Dallas County ranks near bottom in health
Published 11:53 pm Tuesday, March 20, 2018
By: Adam Dodson
Statewide health numbers at the county level have been released, and the statistics show Dallas County has room for improvement.
The rankings come from a combination of organizations: The Robert Wood Johnson Foundation, the largest health-only philanthropy in the country; The University of Wisconsin Population Health Institute, which takes health data to create evidence-based solutions; and countyhealthrankings.org, where the rankings are posted.
Based on the numbers provided, Dallas County ranks 61 out of the 67 counties in health outcomes and is ranked 63rd in health factors, which are influenced by a variety of different measurements.
For example, one of the biggest factors contributing towards Dallas County’s lower health rankings is due to their quality of life, which is ranked at 59 out of the counties.
Furthermore, 42 percent of the Dallas County population is listed as obese, and 22 percent of the population participates in smoking, which both have a significant negative effect on their health behaviors ranking, which is listed at 62nd.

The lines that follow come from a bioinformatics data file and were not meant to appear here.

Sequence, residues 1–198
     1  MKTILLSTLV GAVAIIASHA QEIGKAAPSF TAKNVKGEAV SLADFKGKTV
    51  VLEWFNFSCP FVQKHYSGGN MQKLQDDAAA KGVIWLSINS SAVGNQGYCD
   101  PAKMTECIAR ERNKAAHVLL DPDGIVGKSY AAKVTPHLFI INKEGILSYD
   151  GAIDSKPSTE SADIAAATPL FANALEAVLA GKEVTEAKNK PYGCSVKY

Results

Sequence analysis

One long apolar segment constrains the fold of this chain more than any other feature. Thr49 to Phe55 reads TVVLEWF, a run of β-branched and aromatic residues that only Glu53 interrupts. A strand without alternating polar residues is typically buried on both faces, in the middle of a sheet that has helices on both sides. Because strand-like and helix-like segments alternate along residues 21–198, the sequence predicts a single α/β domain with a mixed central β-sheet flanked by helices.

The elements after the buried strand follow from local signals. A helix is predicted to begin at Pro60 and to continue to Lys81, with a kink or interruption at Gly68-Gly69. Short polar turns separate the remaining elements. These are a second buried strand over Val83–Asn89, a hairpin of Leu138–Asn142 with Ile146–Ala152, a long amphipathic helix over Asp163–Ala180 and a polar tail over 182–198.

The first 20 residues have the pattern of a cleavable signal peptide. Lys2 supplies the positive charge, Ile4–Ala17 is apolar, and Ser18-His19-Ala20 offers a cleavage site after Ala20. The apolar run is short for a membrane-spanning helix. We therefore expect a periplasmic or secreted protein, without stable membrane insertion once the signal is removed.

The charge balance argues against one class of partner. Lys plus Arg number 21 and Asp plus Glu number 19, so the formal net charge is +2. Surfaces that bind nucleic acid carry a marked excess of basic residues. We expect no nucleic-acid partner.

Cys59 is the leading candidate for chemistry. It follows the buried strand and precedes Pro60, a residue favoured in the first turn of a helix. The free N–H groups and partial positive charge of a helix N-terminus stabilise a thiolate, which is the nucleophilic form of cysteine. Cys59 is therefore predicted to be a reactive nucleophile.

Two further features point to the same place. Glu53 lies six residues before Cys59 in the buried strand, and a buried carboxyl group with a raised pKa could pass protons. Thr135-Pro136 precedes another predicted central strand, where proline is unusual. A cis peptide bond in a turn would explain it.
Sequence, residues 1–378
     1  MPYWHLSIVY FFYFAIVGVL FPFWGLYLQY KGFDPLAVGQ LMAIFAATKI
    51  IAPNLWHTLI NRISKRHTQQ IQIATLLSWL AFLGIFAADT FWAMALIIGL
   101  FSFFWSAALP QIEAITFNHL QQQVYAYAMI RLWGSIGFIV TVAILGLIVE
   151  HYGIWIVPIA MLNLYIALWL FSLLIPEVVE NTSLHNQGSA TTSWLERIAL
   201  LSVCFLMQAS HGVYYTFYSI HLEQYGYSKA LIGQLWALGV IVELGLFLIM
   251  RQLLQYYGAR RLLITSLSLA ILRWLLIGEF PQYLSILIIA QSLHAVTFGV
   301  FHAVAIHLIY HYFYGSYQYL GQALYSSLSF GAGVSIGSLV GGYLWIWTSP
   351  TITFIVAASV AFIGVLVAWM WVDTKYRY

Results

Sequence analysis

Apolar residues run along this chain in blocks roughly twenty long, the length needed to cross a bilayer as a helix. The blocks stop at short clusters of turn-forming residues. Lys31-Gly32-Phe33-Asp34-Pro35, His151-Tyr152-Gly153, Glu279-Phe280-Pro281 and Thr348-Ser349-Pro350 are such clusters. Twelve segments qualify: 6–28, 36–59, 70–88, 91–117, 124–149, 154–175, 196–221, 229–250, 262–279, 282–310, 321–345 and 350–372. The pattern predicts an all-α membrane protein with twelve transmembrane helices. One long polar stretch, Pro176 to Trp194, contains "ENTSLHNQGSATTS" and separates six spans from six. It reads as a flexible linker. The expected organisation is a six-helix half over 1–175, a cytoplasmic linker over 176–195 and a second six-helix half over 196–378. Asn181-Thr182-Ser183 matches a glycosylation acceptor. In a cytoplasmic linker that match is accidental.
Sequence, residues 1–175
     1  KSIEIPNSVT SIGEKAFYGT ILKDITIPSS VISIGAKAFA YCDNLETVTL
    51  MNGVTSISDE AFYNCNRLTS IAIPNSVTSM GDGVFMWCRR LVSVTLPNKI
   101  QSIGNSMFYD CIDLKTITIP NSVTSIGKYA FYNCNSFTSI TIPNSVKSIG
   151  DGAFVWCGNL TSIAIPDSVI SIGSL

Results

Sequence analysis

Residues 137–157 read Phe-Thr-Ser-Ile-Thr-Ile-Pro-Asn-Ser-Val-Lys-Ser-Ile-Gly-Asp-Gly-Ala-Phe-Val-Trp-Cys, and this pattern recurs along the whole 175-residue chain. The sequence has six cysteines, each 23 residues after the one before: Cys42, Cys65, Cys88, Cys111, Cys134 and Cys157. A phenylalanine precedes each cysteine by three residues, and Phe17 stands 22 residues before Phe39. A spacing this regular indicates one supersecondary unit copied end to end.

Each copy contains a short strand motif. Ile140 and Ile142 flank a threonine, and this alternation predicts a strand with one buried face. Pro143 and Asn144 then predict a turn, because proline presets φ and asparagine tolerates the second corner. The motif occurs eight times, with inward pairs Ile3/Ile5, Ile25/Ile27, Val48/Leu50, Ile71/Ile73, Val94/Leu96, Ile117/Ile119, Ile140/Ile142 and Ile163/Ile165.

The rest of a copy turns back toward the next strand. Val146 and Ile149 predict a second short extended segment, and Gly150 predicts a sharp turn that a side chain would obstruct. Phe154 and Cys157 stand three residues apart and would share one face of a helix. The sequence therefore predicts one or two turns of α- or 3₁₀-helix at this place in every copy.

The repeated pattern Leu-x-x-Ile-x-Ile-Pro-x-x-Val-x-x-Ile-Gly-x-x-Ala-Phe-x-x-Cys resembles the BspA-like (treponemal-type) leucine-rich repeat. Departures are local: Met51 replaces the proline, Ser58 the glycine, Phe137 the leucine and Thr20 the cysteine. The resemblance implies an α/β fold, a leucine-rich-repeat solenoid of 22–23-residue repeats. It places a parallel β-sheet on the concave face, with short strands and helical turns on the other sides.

However, the numbers also show that while Dallas County may be towards the bottom of the list in most categories, the numbers are mostly headed in the right direction. Multiple categories in the study have subsections showing the success of Dallas County in improving their current situation from 2017 to 2018.
To improve their quality of life or overall health rankings, a county would need to improve in multiple areas, rather than just one. According to the statistics provided, Dallas County has shown improvements in the quality of their air, their high-school graduation rate, physical activity, rate of sexually-transmitted infections and preventable hospital days, among others.
These improvements cover a wide array of categories, but still contribute to the overall health rating.
Additionally, not all of the overall categorical scores were in the high-50s and 60s. In clinical care, Dallas County ranked 27th, with one primary care physician per 1,420 people and less than twelve percent of the population uninsured.
Of all the counties listed, Wilcox County came in 67th, with Greene, Sumter, Lowndes and Perry County rounding out the five lowest scores.
Shelby, Madison, Baldwin, Limestone and Lee Counties comprised the top five in health rankings. The county health ratings number date back to 2011. For more information about the county health numbers, visit their website at www.countyhealthrankings.org.